By David Leadbetter
Photographed by J.D. Cuban
There are many reasons golfers struggle when chipping, but it's often the result of a breakdown of the wrist positions through impact. As the clubhead approaches the ball, the wrist of the trail arm flips and the wrist of the lead arm cups—often an instinctive move to try to lift the ball off the ground with some quick hand action. But when the wrists break down like this, the club gouges the ground before hitting the ball—a chunk—or the leading edge contacts the top half of the ball—a blade.
So how do you prevent either from happening? Copy successful putters such as Jordan Spieth and hold the club cross-handed. That means the lead hand grips the club lower than the trail hand. Sounds radical, but it really isn't. In fact, Vijay Singh, among others on the pro tours, used this technique to try to improve his chipping.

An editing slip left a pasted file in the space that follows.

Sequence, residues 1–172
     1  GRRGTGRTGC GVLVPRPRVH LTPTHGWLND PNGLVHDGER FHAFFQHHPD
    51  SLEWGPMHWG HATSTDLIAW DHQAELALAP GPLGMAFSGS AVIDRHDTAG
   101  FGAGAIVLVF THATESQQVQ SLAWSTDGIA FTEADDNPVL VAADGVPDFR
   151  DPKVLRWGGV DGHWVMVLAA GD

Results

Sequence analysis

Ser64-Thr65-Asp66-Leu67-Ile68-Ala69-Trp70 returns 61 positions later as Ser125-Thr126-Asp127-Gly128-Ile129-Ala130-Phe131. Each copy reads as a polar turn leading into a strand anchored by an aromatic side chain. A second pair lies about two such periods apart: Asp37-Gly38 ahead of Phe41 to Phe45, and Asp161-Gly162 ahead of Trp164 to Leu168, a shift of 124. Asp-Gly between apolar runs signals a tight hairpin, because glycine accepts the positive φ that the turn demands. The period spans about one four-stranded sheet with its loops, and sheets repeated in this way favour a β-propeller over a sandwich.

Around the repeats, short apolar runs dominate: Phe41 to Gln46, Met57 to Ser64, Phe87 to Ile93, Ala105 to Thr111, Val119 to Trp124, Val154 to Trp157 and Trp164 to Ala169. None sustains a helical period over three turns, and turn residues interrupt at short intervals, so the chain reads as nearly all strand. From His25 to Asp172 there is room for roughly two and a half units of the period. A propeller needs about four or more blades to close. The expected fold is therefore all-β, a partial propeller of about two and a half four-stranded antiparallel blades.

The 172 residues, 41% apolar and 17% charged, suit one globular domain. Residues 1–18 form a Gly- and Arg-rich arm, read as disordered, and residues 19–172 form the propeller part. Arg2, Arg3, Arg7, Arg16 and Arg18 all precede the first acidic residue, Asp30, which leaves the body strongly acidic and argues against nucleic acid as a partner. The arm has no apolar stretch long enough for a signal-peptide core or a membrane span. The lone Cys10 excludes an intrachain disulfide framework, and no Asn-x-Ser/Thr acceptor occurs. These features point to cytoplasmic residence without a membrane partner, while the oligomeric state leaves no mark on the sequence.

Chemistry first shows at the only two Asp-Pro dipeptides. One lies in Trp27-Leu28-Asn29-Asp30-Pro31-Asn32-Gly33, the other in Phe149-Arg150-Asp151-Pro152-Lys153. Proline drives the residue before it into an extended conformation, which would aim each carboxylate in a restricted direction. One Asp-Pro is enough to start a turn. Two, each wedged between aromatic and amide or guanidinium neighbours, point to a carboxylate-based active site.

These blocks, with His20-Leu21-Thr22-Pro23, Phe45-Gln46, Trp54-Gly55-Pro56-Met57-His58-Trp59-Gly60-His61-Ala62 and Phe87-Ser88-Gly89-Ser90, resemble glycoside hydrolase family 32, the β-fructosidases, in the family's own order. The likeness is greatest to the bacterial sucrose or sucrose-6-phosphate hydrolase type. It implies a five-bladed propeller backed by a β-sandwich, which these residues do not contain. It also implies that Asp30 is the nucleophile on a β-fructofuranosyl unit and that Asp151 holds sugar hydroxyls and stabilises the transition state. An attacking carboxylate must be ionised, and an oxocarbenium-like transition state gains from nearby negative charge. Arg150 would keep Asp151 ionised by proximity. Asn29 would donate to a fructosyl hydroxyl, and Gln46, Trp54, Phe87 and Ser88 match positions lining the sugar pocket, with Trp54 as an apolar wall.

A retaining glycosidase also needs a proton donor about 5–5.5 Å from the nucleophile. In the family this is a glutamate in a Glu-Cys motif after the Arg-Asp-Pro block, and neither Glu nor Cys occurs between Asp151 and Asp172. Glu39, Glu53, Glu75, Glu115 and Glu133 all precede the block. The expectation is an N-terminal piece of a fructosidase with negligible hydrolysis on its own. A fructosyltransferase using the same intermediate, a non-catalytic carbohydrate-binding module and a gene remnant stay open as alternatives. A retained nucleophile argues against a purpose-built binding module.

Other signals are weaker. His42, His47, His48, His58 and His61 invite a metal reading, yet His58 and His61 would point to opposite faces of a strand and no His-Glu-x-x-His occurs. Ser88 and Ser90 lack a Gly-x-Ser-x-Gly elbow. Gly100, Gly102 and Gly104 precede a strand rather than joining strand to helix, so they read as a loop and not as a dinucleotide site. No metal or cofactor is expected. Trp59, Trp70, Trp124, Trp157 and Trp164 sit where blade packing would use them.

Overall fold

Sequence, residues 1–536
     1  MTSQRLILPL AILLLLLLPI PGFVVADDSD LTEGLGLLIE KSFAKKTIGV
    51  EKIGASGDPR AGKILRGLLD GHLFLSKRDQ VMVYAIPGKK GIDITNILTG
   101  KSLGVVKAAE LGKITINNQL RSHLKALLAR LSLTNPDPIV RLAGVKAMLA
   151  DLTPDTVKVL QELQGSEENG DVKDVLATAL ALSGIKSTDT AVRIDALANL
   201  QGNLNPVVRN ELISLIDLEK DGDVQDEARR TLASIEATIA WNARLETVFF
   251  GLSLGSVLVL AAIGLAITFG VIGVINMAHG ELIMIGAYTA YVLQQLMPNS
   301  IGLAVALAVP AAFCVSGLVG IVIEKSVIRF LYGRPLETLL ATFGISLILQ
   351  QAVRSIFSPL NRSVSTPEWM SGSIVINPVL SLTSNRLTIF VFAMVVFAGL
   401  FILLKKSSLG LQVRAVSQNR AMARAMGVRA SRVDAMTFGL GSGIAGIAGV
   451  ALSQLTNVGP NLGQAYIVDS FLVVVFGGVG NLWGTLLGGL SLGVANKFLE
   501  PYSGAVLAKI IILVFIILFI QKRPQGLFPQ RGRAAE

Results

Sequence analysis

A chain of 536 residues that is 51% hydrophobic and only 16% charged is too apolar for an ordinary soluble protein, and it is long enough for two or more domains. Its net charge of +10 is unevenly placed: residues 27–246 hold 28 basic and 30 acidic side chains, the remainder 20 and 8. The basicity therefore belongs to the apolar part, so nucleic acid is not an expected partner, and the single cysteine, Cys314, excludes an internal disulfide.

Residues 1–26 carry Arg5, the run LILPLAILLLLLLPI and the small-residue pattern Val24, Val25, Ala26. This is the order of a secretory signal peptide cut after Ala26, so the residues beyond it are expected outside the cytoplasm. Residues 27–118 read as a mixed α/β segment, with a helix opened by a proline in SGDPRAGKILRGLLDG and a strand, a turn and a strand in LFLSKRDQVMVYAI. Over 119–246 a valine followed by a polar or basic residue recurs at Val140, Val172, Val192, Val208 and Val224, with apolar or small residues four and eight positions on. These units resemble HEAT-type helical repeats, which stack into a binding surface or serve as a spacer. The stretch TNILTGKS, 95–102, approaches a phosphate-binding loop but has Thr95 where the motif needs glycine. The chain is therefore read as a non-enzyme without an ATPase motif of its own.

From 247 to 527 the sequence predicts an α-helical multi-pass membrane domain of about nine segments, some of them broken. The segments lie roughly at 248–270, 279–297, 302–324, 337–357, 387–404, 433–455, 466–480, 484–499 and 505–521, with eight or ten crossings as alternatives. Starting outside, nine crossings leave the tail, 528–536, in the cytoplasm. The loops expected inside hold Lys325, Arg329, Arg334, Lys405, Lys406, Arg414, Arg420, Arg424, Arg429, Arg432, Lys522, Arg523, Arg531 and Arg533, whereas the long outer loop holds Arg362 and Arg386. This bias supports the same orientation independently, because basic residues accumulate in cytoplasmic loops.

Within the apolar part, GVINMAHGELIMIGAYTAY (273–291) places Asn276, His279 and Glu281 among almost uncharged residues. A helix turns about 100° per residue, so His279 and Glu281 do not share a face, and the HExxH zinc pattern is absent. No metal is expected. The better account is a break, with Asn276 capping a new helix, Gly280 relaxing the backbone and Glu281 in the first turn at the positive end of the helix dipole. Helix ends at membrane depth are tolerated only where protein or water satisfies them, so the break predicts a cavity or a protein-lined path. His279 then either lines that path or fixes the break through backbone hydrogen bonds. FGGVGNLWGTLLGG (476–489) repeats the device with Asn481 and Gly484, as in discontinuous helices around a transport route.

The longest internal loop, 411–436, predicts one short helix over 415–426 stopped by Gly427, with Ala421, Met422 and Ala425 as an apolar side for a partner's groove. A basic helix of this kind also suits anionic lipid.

It works because it helps prevent that wristy motion that kills so many short-game shots. Try holding the club like this when you hit practice chips, and get a feel for how the hands should move through impact—no flip! You can then switch back to a standard grip and re-create the exaggerated feel you just learned, or use this lead-hand low technique when you play. The choice is yours, but this grip could rescue your short game. — with Ron Kaspriske